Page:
Pay fine for violating environmental laws and get green nod despite violations

Express News Service
NEW DELHI: In a kind of ‘paid amnesty scheme’ for violators of environmental laws, the Union Environment Ministry has come up with a set of standard operating procedures (SoPs), laying down penalty provisions for violations and giving post facto approvals.

Environmentalists reckoned that with these directions, the ministry has normalised environmental violations and institutionalised the regularisation of violations. The SoPs for identification and handling of violation cases under Environment Impact Assessment Notification, 2006, lays down penalty provisions under two sections — new projects and expansion projects where work started or expanded without obtaining mandatory prior approval from the ministry.

The direction issued on July 7, a copy of which is with this newspaper, shows that for projects where operations has not commenced, project proponents will be charged 1 per cent of total cost of the project incurred up to the date of filing of application along with EIA report and 1 per cent of total project cost, plus 0.25 per cent of total turnover during the period of violation.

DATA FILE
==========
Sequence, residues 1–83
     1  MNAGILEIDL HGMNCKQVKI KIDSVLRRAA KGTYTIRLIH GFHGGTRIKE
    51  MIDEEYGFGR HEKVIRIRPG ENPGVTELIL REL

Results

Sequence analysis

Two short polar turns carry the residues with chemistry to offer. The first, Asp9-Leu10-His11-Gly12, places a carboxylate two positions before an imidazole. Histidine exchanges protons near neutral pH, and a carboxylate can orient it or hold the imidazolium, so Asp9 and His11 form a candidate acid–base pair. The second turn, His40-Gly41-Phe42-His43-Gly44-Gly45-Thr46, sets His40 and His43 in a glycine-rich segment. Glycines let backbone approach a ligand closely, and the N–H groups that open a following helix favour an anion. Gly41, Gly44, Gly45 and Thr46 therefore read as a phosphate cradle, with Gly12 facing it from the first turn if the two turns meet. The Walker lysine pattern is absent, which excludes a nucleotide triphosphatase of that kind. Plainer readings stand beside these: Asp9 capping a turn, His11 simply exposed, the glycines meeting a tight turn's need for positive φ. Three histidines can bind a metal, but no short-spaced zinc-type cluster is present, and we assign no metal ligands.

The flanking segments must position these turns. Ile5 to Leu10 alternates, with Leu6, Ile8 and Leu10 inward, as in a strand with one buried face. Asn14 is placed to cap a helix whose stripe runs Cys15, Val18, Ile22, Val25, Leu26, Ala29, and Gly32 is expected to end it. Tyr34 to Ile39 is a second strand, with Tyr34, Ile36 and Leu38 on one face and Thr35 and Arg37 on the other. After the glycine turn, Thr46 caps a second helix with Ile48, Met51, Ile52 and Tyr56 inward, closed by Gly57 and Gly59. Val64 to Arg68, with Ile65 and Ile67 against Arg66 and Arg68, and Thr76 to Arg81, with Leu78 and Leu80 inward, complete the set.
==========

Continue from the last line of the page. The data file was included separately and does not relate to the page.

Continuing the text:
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Similar fines have been imposed for expansion of projects where work started without prior approval.

Kanchi Kohli, Senior Researcher, CPR-Namati Environment Justice Program, said this was strongly opposed when the draft EIA 2020 was introduced for public comments, when the country was dealing with the Covid-19 pandemic, finalisation of which is still pending.

“Such a grant of post facto approvals has also been determined illegal by judgments of the Supreme Court. However, the office memorandum has signaled that the non-adherence with environmental clearances does not need to be a deterrence so long as fines can be paid and post facto approvals can be negotiated,” she said.

According to Sujit Kumar Bajpayee, Joint Secretary, (Impact Assessment), in the ministry, the directions have been issued to all states to immediately identify such violators and bring them into a regulatory regime so as to prevent and control environment damage caused by violations.